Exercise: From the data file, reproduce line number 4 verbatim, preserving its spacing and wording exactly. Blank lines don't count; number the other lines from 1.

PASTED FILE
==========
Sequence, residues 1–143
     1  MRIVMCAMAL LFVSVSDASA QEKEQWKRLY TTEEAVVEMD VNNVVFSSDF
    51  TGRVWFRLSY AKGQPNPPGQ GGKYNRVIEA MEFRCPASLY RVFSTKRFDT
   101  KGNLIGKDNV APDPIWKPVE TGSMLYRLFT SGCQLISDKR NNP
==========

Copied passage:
   101  KGNLIGKDNV APDPIWKPVE TGSMLYRLFT SGCQLISDKR NNP